Sometimes I think that our focus on AIPAC allows us to ignore how well aligned AIPAC is with our broader policies, so we see AIPAC as the issue rather than our global stance.

Adam Horowitz April 3rd, 2011 at 2:56 pm
In response to mcorcoran @ 41

The Times generally ignored the Goldstone Report and its implications. They just published a piece on the reappraisal which is pretty bad – http://www.nytimes.com/2011/04/04/world/middleeast/04goldstone.html?_r=1&hp. Like I said earlier I don’t view the op-ed as a renunciation, but that’s how they’re covering it.

CTuttle April 3rd, 2011 at 2:59 pm
In response to Adam Horowitz @ 55

…under an assumed identity because of fear of attracting anti-Israel protests outside his hotel and of being arrested for alleged war crimes.

Tis a shame that the UK Parliament is about to repeal their ‘Universal Jurisdiction’ status at the behest of Israel…! 8-(

Adam Horowitz April 3rd, 2011 at 3:00 pm
In response to Gitcheegumee @ 43

I’m not sure if I totally understand your question, but clearly there are strong political considerations on which situations receive international intervention. I wrote a post for Mondoweiss on the double standard here – http://mondoweiss.net/2011/03/cairo-2-part-ii.html

Gitcheegumee April 3rd, 2011 at 3:01 pm
In response to Siun @ 56

At times it would seem that AIPAC creates the global policy,rather than merely aligning-more like designing=at least as far as the last few administrations here.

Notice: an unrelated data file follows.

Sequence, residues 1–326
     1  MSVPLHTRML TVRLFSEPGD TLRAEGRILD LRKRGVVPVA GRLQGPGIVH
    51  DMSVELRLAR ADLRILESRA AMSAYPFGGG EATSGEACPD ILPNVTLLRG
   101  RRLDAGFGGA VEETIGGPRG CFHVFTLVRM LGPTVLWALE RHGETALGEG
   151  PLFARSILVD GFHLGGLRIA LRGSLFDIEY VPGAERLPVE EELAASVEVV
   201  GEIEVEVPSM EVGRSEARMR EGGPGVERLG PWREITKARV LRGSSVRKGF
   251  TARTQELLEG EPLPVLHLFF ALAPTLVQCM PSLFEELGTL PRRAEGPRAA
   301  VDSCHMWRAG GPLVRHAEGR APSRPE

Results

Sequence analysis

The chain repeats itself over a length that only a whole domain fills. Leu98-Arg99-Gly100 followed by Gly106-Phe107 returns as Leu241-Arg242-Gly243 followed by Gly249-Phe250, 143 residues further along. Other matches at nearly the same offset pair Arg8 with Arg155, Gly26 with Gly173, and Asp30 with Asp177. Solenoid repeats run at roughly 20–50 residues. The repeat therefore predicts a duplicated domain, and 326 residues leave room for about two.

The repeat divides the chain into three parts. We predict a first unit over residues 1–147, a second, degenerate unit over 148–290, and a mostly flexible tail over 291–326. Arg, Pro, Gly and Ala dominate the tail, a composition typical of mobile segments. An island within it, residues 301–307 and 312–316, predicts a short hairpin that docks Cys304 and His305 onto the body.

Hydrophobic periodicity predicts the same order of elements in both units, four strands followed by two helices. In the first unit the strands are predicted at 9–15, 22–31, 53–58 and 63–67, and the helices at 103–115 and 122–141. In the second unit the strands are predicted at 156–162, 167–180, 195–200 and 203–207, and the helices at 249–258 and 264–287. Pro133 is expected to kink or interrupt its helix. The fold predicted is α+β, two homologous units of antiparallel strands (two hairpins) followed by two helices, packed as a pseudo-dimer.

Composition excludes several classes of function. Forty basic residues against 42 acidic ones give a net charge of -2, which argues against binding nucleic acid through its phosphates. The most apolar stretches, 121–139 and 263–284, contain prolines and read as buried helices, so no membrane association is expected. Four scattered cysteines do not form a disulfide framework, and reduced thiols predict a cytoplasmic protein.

Adam Horowitz April 3rd, 2011 at 3:01 pm
In response to Siun @ 36

Oh sorry Siun, I didn’t answer the second part of your question earlier. No, folks did not have reservations commenting on Goldstone and Gaza, everyone felt very strongly about it.

Adam Horowitz April 3rd, 2011 at 3:02 pm
In response to Phoenix Woman @ 46

I think the point that the op-ed doesn’t overturn the findings of the report to be a really important one. Thanks for making it.

Adam Horowitz April 3rd, 2011 at 3:03 pm
In response to CTuttle @ 48

Interesting, do you have a link/citation for that? I hadn’t heard that.

Adam Horowitz April 3rd, 2011 at 3:05 pm
In response to wendydavis @ 52

Hi Wendy, yes, that’s one of the most important parts of the Goldstone Report itself. I published that section of the report on Mondoweiss here – http://mondoweiss.net/2010/01/goldstone-found-that-israels-collective-punishment-policy-in-lebanon-served-as-a-model-for-gaza.html.

Adam Horowitz April 3rd, 2011 at 3:06 pm
In response to Siun @ 53

Laila’s chapter is my absolute favorite. I strongly recommend that everyone follow her work at gazamom.com.

CTuttle April 3rd, 2011 at 3:06 pm
In response to Gitcheegumee @ 60

Having ex-AIPACer Dennis Ross dictating FP directly into O’bomber’s ear could lead one to agree with ya…! ;-)